Soulseeking
A Diary of Sound



a friend of mine goes to gigs probably five nights a week, and now has tinnitus. Loving music hurts. Last night, after pondering tinnitus for a short while, I lay awake in bed, hyper-conscious of the ringing sound in my own ears. My latest pair of headphones are some Shure ear canal monitors that totally block-out external sound. They’re great on the train. I don’t notice traffic noise with them in. I can have the volume much lower… but still. All that sound, all that energy, being channelled straight at my eardrum. I think I probably do have tinnitus, mildly. I think I also stand a greater chance of being hit by a car when crossing the road.

Saying “last night” makes you think I wrote this piece this morning, aye? It adds intimacy. I actually wrote that paragraph days ago, and the bit about talking to Nick (coming right up) about two weeks before that. Weird, huh?

I’ve just bought some Etymotic earplugs for going to gigs—they lower sound by 20 decibels without affecting clarity. Precautions, precautions. Red wine apparently prevents hearing loss later in life. Red wine does a lot of things. I think of my deaf, teetotal mother, and I am glad I have a rack full of Rioja very near the hi-fi. It’s an unconscious irony. I like a drink with a record. Maybe, just maybe, I knew, eh? I remember seeing Mega City Four in a little underground venue in Exeter some 12 years ago (my brother knew them, he’s thanked on the sleeve of Who Cares Wins, we did the NME crossword with the bassist before the gig) and my ears rang for days afterwards. Precautions. How do you know what tinnitus sounds like if you can only hear it when you’ve got it? Do everyone’s ears ring a little?

On Friday I had a conversation with Nick about sound. (This is not some kind of split-personality “concept” column—we just have the same Christian name.) Nick is doing a PhD in the use of ambient sound and music in film. We talked about overcompression, radio, Brian Eno, music in shops and pubs…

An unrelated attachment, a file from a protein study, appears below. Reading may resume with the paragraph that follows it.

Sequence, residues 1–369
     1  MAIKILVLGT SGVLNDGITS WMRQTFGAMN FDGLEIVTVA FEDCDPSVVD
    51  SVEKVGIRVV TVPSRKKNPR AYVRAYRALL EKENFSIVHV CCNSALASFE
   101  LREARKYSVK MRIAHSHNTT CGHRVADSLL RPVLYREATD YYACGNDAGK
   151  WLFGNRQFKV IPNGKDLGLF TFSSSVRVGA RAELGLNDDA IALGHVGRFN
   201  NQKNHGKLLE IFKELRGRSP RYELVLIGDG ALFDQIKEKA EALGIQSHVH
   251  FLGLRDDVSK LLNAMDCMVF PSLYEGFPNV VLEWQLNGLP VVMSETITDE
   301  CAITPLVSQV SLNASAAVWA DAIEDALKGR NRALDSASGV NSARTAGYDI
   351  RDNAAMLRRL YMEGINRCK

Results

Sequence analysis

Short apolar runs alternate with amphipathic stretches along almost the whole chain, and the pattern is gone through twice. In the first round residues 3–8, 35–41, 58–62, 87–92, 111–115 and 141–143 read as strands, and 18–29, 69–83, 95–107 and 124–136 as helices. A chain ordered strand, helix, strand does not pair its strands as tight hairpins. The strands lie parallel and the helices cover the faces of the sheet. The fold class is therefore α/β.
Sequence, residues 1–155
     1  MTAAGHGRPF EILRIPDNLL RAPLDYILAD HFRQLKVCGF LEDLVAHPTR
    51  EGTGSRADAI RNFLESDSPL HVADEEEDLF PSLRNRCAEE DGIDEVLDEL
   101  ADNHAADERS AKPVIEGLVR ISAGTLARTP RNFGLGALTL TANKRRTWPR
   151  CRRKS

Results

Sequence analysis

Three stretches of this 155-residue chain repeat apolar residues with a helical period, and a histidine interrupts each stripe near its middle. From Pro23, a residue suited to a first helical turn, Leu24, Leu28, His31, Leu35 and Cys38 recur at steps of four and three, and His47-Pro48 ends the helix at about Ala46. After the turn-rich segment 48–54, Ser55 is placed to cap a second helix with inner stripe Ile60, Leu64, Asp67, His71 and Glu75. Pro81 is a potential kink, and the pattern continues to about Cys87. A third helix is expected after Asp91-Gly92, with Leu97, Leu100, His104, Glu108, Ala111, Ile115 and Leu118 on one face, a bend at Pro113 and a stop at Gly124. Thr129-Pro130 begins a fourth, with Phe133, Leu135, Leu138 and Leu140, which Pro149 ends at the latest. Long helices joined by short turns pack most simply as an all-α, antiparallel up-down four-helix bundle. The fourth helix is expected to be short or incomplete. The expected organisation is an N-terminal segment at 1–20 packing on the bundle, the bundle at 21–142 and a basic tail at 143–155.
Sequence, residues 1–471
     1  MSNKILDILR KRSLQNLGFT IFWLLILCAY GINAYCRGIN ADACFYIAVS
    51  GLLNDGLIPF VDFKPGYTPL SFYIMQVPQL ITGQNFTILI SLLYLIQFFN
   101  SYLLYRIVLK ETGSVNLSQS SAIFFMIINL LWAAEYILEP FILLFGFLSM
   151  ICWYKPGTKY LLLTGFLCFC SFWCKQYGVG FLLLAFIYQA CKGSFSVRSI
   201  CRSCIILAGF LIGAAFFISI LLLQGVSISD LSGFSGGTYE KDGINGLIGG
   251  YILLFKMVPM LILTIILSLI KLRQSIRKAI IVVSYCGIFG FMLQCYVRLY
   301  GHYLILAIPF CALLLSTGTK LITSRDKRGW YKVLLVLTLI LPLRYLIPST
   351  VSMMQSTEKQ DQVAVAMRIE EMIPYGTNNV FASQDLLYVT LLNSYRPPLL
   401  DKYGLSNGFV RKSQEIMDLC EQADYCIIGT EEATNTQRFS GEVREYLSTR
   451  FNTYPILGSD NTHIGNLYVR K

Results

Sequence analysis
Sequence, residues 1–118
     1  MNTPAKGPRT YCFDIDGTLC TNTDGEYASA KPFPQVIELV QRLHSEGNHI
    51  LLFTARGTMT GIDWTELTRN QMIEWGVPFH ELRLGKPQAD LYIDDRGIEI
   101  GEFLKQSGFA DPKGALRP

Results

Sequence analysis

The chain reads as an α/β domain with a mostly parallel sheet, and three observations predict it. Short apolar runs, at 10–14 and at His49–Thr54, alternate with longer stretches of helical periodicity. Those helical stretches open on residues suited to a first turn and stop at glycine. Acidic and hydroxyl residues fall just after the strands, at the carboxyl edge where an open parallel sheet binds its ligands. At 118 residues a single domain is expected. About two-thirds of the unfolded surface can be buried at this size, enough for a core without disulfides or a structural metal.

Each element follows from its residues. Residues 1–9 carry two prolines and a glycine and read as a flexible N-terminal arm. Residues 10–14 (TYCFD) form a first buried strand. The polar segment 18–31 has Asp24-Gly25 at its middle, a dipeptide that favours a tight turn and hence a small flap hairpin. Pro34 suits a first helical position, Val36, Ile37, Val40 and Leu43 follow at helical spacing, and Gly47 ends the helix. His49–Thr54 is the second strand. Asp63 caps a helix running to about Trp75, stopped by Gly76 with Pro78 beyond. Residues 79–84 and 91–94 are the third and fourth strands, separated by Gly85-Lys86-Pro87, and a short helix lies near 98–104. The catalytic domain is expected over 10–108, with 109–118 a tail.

Earlier in the morning I’d given my colleague Oliver a CD-R of Beta Band tunes, and it was playing in the office. Playing. Not “being listened to.” I’m getting quite militant about not having background music at work lately, as you could probably have guessed. But still, when I have to show new people around it’s always something I mention. “We play music.” It’s a selling point. People love the idea of it. “Oh, you play music, that’s so… wonderful!” It’s social control. I find it very sinister now. We’ve ruined music by putting it everywhere so we forget how to listen to it because we’ve evolved to ignore it instead. In the space of a generation. I blame the baby boomers.

For six million years all mankind has had to listen to is the trees, the sea, the rain, animals and his own respiration, and now we’re surrounded. Attacked.

Nick and I were talking about how the brain tunes-out certain sounds, air-conditioning for instance, and how undynamic music can be tuned out too, because consistent, level frequencies and volumes are more easily ignored. During the conversation “Dry The Rain” came on. “Dry The Rain” has a change in it… I’m not sophisticated enough to know if there’s a key or tempo change, but it definitely changes volume, gets louder. Has a dynamic shift. About halfway through.

“Hold that thought” I said to Nick, who cocked his head at the same time as I did. “This song just shifted. I’d tuned it out but now it has my attention and I don’t know what you just said because I was listening to the song instead.”

QED. “Quod erat demonstrandum.” “That which was to be demonstrated.”

(Those may not be the exact words that were spoken between Nick and I, of course. But you get the gist.)

BBC Radio 4’s Front Row programme has been complementing this year’s Reith Lectures, during one of which pianist and conductor Daniel Barenboim issued a challenge.

Too often, he argued, our ears are exposed to what's commonly known as Muzak, when on the phone, when out shopping, eating, or drinking.

So how often do you find your ears invaded by music over which you have no control? And how often do you listen to music of your choice?